On Monday, she called back and told the orphanage director, as if admitting to a crime: "Yes, I'm the person you're looking for." By then, Chae and Greg had flown back to Florida. Moon Ja got Chae's contact information, but still, she wasn't ready. Moon Ja decided to tell her daughters first.

Ten days after Chae and Greg returned to South Florida, Chae got an email with the subject line: "Your sister in Korea." It began: "Dear my lovely sister Yoon Jung. I can speak English a little." Eun Jung was sure they were sisters. Chae, it turns out, had been born Yoon Jung Chae, meaning the first name given to her by her adoptive mother was actually the family's surname. "You are a certain my sister. You look like us. Very sorry and sad but you look like growed very well you are very pretty and bright."

Chae began a daily email exchange with Eun Jung. There was some uncertainty in those early emails, and not just because of the rough translations. Everyone agreed a DNA test was a good idea, even though Chae looks like a twin to one of her sisters, so much so that Greg had to look twice at a photo they were emailed to make sure it wasn't Chae. The test confirmed it, and the sisters told Chae about how she could meet her mother.

Moon Ja worked as a nanny and was planning to visit Houston to help a friend who had just given birth. In Korea, new moms are expected to spend weeks in bed afterward and for two months eat nothing but seaweed soup, a recipe Moon Ja knew well.

Chae and Greg decided to fly to Houston to meet her mother. They didn't speak Korean, and Moon Ja spoke little English, so the couple reached out to a Korean-American organization in Houston to help. The group promised a translator and a videographer who could record the meeting.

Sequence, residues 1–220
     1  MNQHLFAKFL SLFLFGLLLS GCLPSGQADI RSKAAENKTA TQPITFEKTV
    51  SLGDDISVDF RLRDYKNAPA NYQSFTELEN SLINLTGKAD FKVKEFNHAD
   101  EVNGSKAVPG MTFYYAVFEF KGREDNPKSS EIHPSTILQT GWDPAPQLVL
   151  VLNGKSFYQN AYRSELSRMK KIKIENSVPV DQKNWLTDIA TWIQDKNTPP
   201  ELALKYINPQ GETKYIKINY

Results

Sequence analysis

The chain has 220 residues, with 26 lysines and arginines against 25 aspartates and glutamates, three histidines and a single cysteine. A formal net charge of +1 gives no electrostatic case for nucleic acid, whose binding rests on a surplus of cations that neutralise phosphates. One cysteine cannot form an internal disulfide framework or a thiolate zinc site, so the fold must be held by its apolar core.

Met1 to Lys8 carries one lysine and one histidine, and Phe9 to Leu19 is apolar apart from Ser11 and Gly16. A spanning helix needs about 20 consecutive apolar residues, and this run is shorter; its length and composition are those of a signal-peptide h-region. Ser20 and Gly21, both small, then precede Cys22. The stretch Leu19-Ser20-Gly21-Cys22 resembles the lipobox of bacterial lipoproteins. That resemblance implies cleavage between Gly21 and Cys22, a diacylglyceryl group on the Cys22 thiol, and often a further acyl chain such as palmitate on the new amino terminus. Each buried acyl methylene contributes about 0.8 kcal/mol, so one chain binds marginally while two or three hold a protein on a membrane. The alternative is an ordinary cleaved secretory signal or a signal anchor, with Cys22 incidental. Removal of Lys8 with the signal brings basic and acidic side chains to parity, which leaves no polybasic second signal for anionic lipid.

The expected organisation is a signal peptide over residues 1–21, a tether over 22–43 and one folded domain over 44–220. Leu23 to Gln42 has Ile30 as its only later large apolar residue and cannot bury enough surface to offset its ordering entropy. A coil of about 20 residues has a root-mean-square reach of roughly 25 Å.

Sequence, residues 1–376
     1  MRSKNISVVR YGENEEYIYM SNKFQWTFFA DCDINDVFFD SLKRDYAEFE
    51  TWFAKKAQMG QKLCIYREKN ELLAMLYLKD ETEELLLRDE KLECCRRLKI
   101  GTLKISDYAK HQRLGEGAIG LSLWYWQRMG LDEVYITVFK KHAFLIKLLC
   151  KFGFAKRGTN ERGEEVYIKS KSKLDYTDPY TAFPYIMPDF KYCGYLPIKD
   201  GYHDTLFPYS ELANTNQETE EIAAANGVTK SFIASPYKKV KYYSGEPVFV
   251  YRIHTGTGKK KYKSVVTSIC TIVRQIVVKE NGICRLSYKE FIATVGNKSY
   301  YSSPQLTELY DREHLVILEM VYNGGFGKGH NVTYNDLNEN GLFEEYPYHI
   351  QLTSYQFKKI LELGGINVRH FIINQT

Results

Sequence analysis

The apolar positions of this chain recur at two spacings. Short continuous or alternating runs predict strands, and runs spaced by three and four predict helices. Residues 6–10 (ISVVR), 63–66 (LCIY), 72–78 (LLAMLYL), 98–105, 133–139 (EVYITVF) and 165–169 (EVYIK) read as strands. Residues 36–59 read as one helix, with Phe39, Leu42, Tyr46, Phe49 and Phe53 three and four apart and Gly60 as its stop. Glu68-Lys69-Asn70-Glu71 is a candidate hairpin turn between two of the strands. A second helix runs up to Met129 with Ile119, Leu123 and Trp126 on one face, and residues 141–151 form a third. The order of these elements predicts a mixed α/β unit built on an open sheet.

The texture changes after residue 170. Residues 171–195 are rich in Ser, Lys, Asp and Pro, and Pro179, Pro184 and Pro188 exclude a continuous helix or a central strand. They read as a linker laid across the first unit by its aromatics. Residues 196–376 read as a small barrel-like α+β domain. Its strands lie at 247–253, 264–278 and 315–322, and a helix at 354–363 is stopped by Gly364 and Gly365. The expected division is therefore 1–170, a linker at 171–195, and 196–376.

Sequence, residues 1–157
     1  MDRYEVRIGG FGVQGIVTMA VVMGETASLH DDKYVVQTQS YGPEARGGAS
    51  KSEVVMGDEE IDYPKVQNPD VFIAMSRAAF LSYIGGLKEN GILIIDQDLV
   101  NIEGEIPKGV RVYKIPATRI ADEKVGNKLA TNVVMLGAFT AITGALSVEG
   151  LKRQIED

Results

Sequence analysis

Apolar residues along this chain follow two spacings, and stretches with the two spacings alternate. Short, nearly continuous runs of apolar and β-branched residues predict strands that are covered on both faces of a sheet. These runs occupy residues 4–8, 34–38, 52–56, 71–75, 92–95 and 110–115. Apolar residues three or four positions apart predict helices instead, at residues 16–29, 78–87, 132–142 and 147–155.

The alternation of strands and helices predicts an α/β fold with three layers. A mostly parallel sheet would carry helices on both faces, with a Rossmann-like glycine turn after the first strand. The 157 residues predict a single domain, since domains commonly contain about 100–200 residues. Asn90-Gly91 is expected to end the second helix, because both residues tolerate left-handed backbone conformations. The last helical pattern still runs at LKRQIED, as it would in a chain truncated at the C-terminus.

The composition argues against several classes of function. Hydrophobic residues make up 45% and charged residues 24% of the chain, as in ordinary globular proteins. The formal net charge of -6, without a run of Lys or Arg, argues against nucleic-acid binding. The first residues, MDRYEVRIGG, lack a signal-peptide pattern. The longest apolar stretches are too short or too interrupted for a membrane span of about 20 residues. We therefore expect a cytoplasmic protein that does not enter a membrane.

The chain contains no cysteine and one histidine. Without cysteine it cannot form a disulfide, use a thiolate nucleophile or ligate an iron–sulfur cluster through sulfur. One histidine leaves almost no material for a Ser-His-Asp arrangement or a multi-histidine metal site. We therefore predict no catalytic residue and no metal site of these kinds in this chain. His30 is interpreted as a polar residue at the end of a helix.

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Great job Eric! Reading it brought tears to my eyes! An amazing story involving some amazing people.


This is the most sad, happy, determined, funny, loving story I have ever heard. Thank god that I am a part of this family:)....

Sister of Greg


I never really even thought about it like that before dude. Makes sense.www.Total-Privacy dot US

David Gross
David Gross

this is an extremely wonderful story which bring tears to my eyes, I know that my own step sister Kara would love for this to be able to happen for her as she is adopted she is african american and I love her deeply and I know she loves me too it just goes to show that race means nothing when you love the other.


Life is hard and if you are very, very lucky, you find someone who loves you, in spite of all your flaws.

David Gross
David Gross

 There arew many adoptees whose records are sealed and therefore are unable to find out who they really are and who their bith parents were. My sister Kara's records are permanently sealed she has asked for them to be unsealed but the state of Indiana has refused because she does not have "a pressing medical need for them" It is a cruel thing when you are denied being able to find out where you came from and who your bith parents are.


It is innate in humans to search for their own personal special life story. It is always marvelous when others have the courage to share their story with others.